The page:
St. Barnabas on the Danforth has a long tradition of good choral music. The choir consists of volunteers and four professional soloists/section leads. Our repertoire includes anthems and motets from every period of the church's song, oratorio choruses, plainsong, etc. In addition to providing music for regular Sunday worship and special services, the choir presents an annual festival of lessons and carols during Advent and another during Epiphany. Rehearsals are held from September to early June in the choir room or church on Thursday nights from 7:45 to 9:15 pm.
Konrad Harley is Choir Director and Organist at St. Barnabas. From a field of seventeen applicants Konrad was chosen for his deep musicianship, both as an organist and as composer. Konrad’s home church is Holy Trinity Anglican in Thornhill where he began his organ studies. He now has degrees in Organ Performance and Musicology, and is the recipient of numerous awards and scholarships. In addition to teaching and conducting duties at University, Konrad has served for seven years at Christ Church, Woodbridge. Konrad completed his Doctoral thesis on the Russian composer Sergei Prokofiev in 2014 at the University of Toronto: "Harmonic Function in the Music of Sergei Prokofiev." Click the button below to listen email Konrad and to listen to Konrad's compositions.
The choir welcomes new, enthusiastic singers to join. Some music-reading ability is a definite advantage but is not essential. A love of singing and a strong commitment to the group are essential. A commitment to Thursday practices and Sunday morning services is expected. Click the button below to join the choir or speak to our Music Director, Konrad Harley.
During the summer of 2013 work was undertaken to complete Phase Two of our organ restoration project. The Swell is one of four “divisions” of our organ, the others being the Great (on which phase one of the restoration project was completed during the summer of 2012), the Choir and the Pedal. This part of the instrument is located high up on the right side of the chancel, and is contained in a large wooden box with an opening on one side that is covered by shutters which bear some resemblance to Venetian blinds. The organist can open and close these shutters using a pedal at the console, enabling expression from soft (when closed) to loud (when open, allowing the sounds to escape). The Swell division, which is the largest on our instrument, also has the most variety of sounds, from silky soft flutes and string sounds to the clarion ring of the cornopean stop, which is like a miniature trumpet. The shutters mentioned above are controlled by a separate motor which we believe is the original piece of equipment. As airflow is created by the blower motor located in the church’s basement, it is then ducted to a series of reservoirs, which are commonly known as wind chests. Wind chests store air which provide for pressure demands (i.e. the louder the sound, the more air is required). A wind chest is basically a wooden box. Picture a box that has a cover attached that moves up and down on a wooden hinge. This hinge is attached to the box and cover with leather. Leather, as we know, is flexible which allows the hinge and cover to move up and down based on pressure demands. Leather, over time, dries out and as the cover moves up and down, cracks begin to form, which explains why we sometimes hear air noise coming from the organ chambers. Much of the leather in our instrument is dried and cracked, and leaking .… just about ready to blow out. As the hinges blow, the reservoir will leak so much air that the organ will be rendered unusable. This is a very concise, and as non-technical as possible explanation of the work to be done over a period of six or so weeks this summer. Our organ is the most valuable asset of our church, apart from the property and building, and is well worth restoring and preserving for future generations to enjoy.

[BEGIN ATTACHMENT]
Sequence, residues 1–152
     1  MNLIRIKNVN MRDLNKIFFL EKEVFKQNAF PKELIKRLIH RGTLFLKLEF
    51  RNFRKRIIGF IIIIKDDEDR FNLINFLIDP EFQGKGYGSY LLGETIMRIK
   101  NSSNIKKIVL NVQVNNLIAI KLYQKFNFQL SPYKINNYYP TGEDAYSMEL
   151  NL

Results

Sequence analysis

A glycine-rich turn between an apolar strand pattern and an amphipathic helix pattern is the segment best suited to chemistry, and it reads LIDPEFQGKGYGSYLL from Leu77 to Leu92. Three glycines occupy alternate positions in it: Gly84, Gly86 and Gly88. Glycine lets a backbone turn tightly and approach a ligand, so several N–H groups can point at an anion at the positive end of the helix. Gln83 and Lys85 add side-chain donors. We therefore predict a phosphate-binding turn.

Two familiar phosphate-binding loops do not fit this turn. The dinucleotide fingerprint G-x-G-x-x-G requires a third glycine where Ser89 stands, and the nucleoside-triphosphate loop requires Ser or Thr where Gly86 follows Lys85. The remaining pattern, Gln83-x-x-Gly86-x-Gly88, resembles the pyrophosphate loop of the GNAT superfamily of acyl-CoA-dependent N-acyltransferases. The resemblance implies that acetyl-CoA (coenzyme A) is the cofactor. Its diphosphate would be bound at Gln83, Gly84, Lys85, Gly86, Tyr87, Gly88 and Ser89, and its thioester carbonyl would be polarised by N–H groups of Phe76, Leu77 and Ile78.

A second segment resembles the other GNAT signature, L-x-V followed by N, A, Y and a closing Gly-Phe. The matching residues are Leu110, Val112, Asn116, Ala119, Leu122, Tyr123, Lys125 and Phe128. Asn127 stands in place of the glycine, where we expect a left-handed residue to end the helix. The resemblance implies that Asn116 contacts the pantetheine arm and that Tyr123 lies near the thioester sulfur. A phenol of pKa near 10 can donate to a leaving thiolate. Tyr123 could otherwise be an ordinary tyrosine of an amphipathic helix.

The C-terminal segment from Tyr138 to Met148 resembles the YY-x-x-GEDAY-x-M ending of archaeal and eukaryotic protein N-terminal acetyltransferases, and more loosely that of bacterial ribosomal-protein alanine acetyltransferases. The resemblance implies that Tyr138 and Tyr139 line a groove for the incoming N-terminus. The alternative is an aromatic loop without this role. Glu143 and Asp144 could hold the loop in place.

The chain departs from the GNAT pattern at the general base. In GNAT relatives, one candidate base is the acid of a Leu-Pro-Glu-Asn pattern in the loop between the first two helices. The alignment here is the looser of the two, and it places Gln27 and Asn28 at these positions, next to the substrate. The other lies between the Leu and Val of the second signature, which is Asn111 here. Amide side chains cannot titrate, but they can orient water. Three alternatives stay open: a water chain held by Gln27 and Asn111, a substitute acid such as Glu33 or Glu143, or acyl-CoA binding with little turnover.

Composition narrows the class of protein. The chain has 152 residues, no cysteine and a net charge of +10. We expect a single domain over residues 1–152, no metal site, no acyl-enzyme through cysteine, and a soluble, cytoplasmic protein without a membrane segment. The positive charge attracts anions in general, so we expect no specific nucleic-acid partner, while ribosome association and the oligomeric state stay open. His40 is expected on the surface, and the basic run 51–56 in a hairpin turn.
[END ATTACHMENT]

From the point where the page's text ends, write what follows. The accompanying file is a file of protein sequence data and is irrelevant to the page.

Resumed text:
Dr. Eugene Gate, Organ & Choir Emeritus
Dr. Eugene Gates was organist and choirmaster of St. Barnabas Anglican Church for over 38 years. He received his musical education at Acadia University, McMaster University, University of Toronto and through additional study at the Royal Conservatory of Music, Toronto, and in England. His principal organ teachers were E. F. Gmeiner, Edwin A. Collins and Douglas Bodle. Eugene Gates is also on the faculty of the Royal Conservatory of Music, Toronto, where he teaches organ, piano and history of music. He is also an examiner emeritus of that institution. After 38 years of faithful service at St. Barnabas, Dr. Eugene Gates decided to retire. The parish celebrated Eugene’s ministry on Sunday, October 31, 2010, and he subsequently accepted the title of Organist and Choirmaster Emeritus.